Cyber Monday is again expected to be the biggest online shopping day of the year — but just barely.
Online sales on the Monday after Thanksgiving are forecast to climb 9.4% from last year to a record $3.36 billion, according to the digital marketing and media firm Adobe Systems Inc.
But Internet sales on Black Friday nearly matched those expected on Cyber Monday. Online sales on Black Friday surged 21.6% from last year to a record $3.34 billion, Adobe reported.
It’s a sign of how Cyber Monday, with its once-unique status in the holiday shopping season, has diminished as consumers make more purchases from their computers and smartphones throughout the season.
Black Friday has also shown signs of tipping into an online shopping event. This year, web traffic to e-commerce sites over the four-day weekend that began on Thanksgiving hit nearly 109 million people, surging past the 99 million who shopped at brick-and-mortar stores, according to the National Retail Federation.
“As more and more of these deals become available earlier, the importance of Cyber Monday over the long term and its share of the overall pie will probably be a little less significant,” said Tuna Amobi, Internet retail analyst at CFRA Research.
Still, a record 122 million Americans are expected to browse the sales online on Cyber Monday, up from 121 million last year, the trade group reported.
The term Cyber Monday was invented in 2005 by the National Retail Federation trade group when its employees noticed a jump in online sales following the traditional post-Thanksgiving Black Friday start to the holiday shopping season.
Now, with smartphones and faster Internet, online holiday sales have accelerated throughout the shopping season, starting on Thanksgiving Day.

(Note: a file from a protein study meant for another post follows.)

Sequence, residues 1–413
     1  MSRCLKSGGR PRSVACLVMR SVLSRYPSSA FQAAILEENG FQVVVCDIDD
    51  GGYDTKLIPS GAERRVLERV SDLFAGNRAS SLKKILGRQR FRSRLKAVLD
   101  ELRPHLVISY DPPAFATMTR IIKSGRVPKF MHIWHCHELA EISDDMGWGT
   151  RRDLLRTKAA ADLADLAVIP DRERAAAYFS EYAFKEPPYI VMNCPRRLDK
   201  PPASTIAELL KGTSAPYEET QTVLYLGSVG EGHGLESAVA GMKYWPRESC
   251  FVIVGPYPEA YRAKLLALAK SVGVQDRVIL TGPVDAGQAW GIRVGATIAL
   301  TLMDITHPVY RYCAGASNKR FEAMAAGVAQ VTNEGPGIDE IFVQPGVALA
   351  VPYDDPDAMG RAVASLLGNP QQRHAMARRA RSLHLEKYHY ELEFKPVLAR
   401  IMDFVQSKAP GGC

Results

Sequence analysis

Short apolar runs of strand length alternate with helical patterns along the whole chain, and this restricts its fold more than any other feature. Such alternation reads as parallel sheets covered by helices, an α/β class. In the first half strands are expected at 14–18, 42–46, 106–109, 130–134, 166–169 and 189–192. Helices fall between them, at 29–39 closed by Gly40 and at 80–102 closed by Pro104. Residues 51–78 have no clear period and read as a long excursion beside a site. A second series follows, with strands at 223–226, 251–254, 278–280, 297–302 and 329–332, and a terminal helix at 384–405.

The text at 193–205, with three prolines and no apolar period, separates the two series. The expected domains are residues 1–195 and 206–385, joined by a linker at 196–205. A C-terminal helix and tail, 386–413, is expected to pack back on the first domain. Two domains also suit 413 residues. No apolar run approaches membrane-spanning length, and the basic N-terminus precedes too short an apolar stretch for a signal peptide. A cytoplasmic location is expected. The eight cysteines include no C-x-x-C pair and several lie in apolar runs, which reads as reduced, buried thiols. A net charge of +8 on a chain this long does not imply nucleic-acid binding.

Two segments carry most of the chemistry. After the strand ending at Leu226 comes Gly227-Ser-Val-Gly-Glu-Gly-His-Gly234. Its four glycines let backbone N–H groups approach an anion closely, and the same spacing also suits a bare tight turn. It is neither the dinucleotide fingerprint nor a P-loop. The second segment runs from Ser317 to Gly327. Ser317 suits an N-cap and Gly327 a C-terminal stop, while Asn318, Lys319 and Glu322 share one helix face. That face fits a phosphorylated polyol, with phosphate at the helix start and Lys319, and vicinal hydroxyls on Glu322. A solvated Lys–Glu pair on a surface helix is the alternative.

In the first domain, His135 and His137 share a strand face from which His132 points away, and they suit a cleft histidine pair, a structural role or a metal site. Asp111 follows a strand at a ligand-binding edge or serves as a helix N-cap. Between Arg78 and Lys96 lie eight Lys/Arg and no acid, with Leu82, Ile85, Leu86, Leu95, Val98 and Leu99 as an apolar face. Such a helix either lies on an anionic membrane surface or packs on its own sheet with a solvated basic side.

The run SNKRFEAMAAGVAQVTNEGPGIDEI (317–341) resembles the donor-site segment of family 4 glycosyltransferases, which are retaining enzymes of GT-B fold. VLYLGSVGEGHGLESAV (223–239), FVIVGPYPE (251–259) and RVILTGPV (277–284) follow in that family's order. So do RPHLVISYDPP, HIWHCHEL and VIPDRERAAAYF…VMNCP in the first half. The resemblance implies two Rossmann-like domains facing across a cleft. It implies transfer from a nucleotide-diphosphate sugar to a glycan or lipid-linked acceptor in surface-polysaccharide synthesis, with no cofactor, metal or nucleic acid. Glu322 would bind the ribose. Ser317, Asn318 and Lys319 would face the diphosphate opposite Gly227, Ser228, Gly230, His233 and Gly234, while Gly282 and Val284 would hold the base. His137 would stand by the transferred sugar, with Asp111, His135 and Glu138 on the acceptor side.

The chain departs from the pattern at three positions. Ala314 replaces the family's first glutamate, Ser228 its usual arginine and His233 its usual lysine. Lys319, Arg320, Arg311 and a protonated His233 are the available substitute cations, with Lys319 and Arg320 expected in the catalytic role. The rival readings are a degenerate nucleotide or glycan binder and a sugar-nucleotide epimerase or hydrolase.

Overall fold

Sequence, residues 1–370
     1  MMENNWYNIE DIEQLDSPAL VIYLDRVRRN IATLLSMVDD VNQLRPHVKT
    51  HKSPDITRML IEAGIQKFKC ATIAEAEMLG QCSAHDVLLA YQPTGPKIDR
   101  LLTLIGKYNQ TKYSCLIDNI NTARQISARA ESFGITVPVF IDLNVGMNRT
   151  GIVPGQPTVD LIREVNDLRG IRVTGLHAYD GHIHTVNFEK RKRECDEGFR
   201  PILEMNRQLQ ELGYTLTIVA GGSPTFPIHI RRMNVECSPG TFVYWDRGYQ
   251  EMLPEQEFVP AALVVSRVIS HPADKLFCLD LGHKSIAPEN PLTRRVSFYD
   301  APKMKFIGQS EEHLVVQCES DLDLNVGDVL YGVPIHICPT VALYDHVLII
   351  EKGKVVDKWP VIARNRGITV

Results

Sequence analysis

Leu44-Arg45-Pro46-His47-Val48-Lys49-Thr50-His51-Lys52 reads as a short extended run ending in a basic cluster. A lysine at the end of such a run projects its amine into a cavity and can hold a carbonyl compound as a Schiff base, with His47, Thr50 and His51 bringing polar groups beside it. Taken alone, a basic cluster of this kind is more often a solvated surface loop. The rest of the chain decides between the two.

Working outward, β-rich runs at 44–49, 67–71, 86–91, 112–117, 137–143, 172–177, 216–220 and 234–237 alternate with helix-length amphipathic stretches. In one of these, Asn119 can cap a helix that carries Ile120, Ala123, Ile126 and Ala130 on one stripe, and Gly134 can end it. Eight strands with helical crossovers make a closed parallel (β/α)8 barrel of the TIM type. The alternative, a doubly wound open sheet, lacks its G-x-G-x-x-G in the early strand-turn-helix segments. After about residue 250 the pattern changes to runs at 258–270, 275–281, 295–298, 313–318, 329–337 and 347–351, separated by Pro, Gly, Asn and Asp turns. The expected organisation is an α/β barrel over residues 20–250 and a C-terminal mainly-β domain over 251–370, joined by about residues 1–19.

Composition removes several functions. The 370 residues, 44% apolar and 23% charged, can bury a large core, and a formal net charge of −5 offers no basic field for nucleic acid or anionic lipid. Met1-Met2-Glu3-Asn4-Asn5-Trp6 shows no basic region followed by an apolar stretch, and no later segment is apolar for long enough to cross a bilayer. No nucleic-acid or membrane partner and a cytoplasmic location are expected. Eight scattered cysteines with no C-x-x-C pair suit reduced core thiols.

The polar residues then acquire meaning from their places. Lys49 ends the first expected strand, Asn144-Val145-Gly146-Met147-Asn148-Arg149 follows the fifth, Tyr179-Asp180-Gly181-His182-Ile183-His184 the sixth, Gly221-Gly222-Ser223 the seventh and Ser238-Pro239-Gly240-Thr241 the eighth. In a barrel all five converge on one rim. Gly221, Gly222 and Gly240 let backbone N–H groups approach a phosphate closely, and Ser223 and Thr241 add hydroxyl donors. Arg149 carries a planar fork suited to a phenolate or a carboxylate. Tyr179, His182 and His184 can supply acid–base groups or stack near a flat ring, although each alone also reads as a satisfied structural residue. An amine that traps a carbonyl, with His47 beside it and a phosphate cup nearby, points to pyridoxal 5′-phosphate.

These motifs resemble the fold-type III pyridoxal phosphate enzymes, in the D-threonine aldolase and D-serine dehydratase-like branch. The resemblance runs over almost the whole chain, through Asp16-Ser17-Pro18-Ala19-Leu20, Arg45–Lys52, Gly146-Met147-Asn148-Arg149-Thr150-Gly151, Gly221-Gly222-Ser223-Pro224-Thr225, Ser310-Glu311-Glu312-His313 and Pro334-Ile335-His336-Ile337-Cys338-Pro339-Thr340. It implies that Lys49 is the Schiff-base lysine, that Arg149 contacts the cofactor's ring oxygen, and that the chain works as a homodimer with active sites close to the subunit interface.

On this year’s Black Friday, mobile sales jumped 33% from a year ago to $1.2 billion, Adobe reported. It was the first time that mobile sales on Black Friday surpassed $1 billion. This also could be the first year that holiday shopping visits on mobile devices surpass those on desktop computers, Adobe has forecast.
Roughly 75% of the money spent on Cyber Monday goes toward toys and computers, televisions, phones, video games and other electronics.
Amobi, the analyst, said some brick-and-mortar chains have improved their online experience in order to attract shoppers this year. That includes lowering prices to stay competitive with online giants such as Amazon.com.
“The really good ones — the Wal-Marts and Targets and Best Buys — those are doing a much better job this year online compared to last year when Amazon was pretty much eating everybody’s lunch,” he said. “It’s very cut-throat out there.”
Amazon, however, will continue to be the dominant web player during the holidays this year, analysts said. Last year, the company processed 54 million products on Cyber Monday, making for 629 orders per second. This year, Amazon has said it expects to do even more business.
On Monday, workers at an Amazon fulfillment center in San Bernardino busily stuffed watches, dustbins and nursing accessories into boxes, slapped blue tape on them, and sent the packages careening down miles of conveyor belts, on their way to delivery trucks.
“This is not a typical day,” said Drew Herdener, a vice president of communications at Amazon. “It’s the busiest shopping day of the year.” He said the facility normally runs during the day only, but would remain open throughout the night on Monday.
Despite the records, stocks of some major online retailers were lower in early trading Monday. Amazon.com Inc. closed 1.74% down at $766.77 a share, and Best Buy Co. fell 2.68% to $45.33 a share.
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3:55 p.m.: This article was updated to include additional retail data and context.
This article was originally published at 8:10 a.m.